• The small-scale fishers may be faced with greater uncertainty as availability, access, stability and use of aquatic food and supplies would diminish and work opportunities would dwindle. Aquaculture development opportunities will increase in particular in tropical and sub-tropical regions.
• The climate change in warmer regions offers new opportunities as production in warmer regions will increase because of better growth rates, a longer growing season and the availability of new fish farming areas where it was once too cold.

Impact on Demography

• Rising sea levels owing to climate change would force communities in low-lying coastal areas and river deltas to move to higher ground level.
• Similarly, increase in frequency of droughts due to climate change would force farmers and pastoralists, who rely on rainfall to raise their crops and livestock, to migrate to areas in search of land and water.
• This migration/displacement of people would result in direct conflict and competition between migrants and established communities for access to land and water.
• It may be difficult for displaced communities to maintain their farming or pastoral traditions.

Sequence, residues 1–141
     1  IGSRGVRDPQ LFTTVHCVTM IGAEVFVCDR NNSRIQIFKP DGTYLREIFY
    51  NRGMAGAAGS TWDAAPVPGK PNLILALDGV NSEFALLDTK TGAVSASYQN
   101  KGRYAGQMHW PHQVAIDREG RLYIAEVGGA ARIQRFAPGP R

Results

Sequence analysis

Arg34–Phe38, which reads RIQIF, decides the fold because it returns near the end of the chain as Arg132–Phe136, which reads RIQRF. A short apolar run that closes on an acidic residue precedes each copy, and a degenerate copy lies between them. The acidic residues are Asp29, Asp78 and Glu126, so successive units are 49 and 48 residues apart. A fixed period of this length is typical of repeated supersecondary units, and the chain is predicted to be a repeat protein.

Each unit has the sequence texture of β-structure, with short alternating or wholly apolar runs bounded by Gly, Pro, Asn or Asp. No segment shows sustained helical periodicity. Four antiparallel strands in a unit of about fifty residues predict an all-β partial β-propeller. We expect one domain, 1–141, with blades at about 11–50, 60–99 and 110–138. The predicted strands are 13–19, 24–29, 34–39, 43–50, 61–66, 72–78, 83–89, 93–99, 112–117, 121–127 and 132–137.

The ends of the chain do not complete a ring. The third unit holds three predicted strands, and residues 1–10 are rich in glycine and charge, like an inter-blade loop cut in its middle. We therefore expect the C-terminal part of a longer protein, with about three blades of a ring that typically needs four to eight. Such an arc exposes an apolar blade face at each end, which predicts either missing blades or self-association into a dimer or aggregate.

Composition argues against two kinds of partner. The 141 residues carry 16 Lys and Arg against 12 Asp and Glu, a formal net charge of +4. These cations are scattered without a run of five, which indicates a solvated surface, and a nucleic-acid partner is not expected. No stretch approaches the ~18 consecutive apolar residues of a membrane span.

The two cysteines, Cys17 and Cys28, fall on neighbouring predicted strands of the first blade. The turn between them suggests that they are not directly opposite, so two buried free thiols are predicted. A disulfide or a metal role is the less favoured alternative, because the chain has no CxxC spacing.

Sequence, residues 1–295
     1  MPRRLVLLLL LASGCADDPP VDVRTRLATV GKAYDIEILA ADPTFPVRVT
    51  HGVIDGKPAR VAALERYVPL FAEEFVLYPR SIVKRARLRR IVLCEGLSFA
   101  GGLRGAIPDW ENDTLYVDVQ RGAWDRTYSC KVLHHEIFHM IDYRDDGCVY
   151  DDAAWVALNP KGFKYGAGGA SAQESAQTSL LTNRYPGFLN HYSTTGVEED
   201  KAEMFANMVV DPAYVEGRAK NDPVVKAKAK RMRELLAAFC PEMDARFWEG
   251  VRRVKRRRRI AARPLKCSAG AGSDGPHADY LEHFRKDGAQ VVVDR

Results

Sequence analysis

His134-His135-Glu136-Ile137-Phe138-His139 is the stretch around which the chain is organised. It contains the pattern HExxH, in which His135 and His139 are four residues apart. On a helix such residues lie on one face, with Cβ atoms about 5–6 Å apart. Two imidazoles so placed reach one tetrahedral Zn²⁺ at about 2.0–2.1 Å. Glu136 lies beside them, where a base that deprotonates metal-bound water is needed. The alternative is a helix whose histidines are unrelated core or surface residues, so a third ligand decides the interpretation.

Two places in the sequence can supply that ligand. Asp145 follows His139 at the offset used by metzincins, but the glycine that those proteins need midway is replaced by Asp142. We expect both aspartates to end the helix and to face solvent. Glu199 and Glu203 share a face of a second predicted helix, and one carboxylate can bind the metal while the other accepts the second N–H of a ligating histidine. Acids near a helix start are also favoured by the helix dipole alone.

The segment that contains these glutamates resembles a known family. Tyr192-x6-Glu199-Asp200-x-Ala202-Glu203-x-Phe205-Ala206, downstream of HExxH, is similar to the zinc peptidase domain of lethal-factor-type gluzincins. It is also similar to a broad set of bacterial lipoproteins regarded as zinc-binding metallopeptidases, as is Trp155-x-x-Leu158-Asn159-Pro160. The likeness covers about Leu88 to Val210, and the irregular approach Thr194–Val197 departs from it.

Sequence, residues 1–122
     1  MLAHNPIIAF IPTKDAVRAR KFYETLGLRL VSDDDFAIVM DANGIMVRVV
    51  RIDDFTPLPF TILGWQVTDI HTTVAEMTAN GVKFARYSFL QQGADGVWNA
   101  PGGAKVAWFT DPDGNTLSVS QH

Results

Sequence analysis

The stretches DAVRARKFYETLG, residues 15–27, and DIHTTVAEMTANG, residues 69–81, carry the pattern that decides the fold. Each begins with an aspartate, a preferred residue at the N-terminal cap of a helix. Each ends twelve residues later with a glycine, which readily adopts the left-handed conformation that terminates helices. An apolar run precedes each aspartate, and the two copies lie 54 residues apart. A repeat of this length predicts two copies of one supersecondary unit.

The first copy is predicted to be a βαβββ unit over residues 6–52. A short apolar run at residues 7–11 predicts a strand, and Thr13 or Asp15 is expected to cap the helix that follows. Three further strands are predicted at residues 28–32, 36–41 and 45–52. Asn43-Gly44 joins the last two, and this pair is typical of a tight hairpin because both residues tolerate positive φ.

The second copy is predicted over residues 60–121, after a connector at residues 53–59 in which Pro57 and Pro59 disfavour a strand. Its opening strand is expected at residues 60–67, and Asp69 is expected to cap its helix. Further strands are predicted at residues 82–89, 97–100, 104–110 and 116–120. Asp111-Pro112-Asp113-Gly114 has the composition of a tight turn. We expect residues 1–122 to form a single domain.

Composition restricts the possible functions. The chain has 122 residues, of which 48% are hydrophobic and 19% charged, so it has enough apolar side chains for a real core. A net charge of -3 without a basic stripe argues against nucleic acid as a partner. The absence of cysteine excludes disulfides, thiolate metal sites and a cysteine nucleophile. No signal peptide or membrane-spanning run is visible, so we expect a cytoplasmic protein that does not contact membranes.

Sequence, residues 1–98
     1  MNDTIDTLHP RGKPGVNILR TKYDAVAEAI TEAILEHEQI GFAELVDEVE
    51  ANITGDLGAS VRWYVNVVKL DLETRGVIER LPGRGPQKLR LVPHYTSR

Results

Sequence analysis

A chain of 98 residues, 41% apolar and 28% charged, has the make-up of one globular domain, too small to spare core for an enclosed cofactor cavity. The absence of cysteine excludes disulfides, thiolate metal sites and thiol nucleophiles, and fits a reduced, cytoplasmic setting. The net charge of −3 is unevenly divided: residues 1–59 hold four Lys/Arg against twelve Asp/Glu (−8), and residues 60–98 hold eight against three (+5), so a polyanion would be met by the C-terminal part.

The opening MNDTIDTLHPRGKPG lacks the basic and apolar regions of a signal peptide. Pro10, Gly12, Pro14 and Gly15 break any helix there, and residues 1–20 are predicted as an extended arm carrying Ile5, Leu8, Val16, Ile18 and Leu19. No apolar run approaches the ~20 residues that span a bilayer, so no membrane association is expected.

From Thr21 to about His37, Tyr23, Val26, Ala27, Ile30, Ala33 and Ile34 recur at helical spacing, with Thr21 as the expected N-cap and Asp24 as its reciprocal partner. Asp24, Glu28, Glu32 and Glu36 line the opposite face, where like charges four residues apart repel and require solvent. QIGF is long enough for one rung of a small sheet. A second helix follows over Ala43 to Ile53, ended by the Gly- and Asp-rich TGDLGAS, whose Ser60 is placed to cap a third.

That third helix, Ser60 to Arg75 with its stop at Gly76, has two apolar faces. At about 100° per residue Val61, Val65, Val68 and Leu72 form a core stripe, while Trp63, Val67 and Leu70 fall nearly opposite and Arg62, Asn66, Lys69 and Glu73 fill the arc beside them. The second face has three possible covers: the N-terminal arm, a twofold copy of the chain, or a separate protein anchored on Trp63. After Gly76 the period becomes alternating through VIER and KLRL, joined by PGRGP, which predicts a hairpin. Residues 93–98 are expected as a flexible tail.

Impact on Glacier

• Glaciers the world over are thinning and shrinking as the planet warms, and glaciers in the Himalayas are receding faster than anywhere else.
• If the earth keeps warming at the current rate, Himalayan glaciers are likely to disappear altogether in 25 years.
• In the absence of glaciers, rivers in the Indo-Gangetic plain will become much more seasonal, threatening the rabi crop as well as domestic and industrial water supplies in the non-monsoon months.
• In addition, more precipitation will fall as rain rather than snow and the greater water run-offs will increase flooding.

Impact on Weather

• Increasing global temperatures will lead to higher maximum temperatures, more heat waves, and fewer cold days over most land areas.
• More severe drought in some areas, combined with other factors, has contributed to larger and more frequent wildfires.

Impact on Human Health

• Changes in the greenhouse gas concentrations and other drivers alter the global climate and bring about myriad human health consequences.